Fun fact about Brazilians: They don’t have bones.
This characteristic has made it a challenge for me, an individual burdened with a skeleton, to keep up with a certain Brazilian dance workout DVD. Samba marries intricate footwork with mind-blowing hip action, as it was developed by women walking barefoot across concrete roads scorched by the Brazilian sun– their feet burned, so they moved quickly while still trying to look sexy enough to attract eligible neighbors.
That’s my guess, anyway.
The woman on my screen (whose abs I can see through her spandex) moves like Gumby and, as I struggle to follow her, I move more like a first grader dressed up as Gumby for Halloween. She zigs. I zag. She swirls. I seize. She bounces like a jello square. I bounce like I have to pee.
But, I do sweat, so I guess that makes it a successful workout.
Unless, of course, the workout is interrupted by a doorbell.
I pause the DVD, wipe my dripping, flushed face with the inside of my t shirt neck, and open my apartment door. At the bottom of the staircase (we live on the second floor) stands my landlord, a middle aged paunchy man who patches his retirement together with the rental, guitar lessons, and a business called Rock and Roll Amps, which on outgoing packages reads Rockandrollamps. At first I read this as Rock and Roll Lamps, and was intrigued by the idea that he is an eccentric artist who fashions light fixtures with over-sized Mick Jagger bobble heads.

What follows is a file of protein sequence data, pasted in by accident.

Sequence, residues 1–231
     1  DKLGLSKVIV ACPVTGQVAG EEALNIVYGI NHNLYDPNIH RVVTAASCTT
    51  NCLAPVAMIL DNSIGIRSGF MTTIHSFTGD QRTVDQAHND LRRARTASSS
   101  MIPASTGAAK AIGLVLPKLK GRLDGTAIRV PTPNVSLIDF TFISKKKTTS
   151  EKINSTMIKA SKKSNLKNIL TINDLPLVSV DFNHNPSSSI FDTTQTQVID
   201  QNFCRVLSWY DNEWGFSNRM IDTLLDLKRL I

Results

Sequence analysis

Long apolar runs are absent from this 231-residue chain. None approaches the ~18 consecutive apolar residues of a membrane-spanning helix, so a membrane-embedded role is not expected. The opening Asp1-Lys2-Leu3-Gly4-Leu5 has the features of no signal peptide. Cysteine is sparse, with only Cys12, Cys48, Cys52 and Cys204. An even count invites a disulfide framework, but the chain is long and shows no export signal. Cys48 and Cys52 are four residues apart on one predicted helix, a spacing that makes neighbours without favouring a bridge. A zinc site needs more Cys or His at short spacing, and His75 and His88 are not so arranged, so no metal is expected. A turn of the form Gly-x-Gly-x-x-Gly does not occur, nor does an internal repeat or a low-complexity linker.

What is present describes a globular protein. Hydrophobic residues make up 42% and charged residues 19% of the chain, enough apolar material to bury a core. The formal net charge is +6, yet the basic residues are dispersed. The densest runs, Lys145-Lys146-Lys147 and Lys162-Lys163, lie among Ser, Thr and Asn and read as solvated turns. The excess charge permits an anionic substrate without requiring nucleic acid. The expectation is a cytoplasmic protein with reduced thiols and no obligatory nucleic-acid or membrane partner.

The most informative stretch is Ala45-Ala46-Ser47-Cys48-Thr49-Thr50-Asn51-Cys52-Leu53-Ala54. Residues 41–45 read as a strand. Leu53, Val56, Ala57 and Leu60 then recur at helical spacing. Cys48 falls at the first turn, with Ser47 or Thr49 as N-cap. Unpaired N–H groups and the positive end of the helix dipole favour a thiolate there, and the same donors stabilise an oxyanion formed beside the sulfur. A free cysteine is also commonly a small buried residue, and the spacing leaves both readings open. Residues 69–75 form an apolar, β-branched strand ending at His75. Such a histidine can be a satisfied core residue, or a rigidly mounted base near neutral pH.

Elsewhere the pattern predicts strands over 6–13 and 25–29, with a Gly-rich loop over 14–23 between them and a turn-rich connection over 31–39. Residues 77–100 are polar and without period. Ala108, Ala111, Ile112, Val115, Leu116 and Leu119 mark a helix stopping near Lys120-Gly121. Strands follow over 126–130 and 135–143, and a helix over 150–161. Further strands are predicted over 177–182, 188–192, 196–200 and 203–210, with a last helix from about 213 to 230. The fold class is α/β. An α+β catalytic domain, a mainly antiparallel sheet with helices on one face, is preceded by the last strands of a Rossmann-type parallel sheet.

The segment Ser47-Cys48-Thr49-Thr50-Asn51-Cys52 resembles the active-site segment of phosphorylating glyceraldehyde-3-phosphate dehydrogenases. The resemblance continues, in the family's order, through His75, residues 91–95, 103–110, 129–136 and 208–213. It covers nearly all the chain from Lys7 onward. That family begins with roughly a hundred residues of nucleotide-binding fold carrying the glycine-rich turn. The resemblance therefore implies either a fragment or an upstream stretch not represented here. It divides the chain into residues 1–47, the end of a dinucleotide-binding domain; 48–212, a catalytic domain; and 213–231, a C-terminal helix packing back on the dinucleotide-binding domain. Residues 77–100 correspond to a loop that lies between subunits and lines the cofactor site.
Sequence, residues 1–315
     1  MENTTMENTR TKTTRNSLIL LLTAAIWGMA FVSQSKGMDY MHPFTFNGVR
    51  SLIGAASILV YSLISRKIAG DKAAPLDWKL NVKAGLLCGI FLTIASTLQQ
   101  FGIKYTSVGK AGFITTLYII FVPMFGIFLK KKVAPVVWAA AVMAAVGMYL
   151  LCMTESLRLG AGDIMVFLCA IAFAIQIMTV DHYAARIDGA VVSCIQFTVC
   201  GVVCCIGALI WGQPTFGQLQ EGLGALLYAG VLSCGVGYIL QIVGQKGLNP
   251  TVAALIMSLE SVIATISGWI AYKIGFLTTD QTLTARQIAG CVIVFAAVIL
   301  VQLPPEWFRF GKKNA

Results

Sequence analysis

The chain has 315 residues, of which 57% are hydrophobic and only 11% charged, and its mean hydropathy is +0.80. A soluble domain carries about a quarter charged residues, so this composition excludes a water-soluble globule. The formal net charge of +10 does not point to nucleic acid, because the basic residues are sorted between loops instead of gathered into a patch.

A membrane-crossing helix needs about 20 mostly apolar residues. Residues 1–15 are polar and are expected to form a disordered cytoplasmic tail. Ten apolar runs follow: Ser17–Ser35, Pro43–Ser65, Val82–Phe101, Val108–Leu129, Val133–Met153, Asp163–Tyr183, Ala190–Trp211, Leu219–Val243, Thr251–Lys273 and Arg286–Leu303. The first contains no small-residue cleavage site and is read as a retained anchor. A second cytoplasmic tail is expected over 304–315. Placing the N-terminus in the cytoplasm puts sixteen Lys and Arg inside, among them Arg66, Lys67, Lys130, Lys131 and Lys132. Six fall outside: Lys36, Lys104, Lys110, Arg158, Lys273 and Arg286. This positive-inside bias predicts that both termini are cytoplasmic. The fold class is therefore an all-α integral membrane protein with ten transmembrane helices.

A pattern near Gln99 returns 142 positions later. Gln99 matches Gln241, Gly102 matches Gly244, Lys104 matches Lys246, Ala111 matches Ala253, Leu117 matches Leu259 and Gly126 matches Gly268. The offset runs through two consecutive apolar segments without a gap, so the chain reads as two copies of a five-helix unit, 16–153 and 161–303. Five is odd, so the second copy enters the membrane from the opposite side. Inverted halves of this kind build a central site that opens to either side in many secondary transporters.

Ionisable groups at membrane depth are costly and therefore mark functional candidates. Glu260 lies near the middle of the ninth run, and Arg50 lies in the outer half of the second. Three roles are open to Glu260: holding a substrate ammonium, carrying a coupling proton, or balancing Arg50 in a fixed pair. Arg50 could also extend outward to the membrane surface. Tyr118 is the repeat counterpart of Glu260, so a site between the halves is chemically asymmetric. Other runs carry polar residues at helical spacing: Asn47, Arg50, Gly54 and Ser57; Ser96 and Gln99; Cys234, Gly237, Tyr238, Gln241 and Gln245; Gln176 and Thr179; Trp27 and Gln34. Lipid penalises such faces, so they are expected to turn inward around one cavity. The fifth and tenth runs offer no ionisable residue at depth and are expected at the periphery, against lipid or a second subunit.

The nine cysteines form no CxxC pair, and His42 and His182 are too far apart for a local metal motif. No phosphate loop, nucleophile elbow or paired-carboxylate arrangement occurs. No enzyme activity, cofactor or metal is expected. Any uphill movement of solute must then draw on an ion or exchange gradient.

“I just wanted to make sure everything was okay up there,” he says. “It sounds like an elephant stampede.”
It sounds like an elephant stampede.
Elephants. Just the animal that an exercising woman wants to be compared to. And I don’t just sound like one mammal renowned for its sheer size. I sound like herd of them, fleeing in distress.
I already felt inadequate compared to the DVD’s agile dance master, a woman who would probably be assigned to some graceful animal like a gazelle instead of my animal look alike. An ELEPHANT. It was bad enough that I fumbled the moves and that my hip cracked with every rotation, serving as an additional reminder of the qualities I shared with The Tin Man. I was already down on myself because when the super-sambista told me to loosen up my upper body by getting my shoulders and elbows into the move, I punched myself in the face. I literally punched myself. In the face. Not hard. I didn’t give myself a bloody nose or anything. But you don’t have to punch yourself in the face with much power for it to be humiliating. And now this guy, who would benefit from a squat or two himself, has to inform me that what I hoped were limber hops were actually mini earthquakes caused by feet that might have 12,000 pounds of weight behind them. I imagine my landlord was downstairs at his kitchen table polishing a bronze bust of Eric Clapton when his chandelier began to rattle, the ceiling plaster fell in dust, and he suddenly felt as if he was a character in Jumanji.
Well, if I am an elephant, Mr. Landlord, their infrasound hearing capability would explain why the electric guitar playing that we “would never hear” is actually our nightly lullaby.
Okay, I’ll have to work on a zingier comeback.
On the bright side, samba and elephants both have roots in Africa. So at least my performance shares the same continent as the dance I’m unsuccessfully trying to imitate.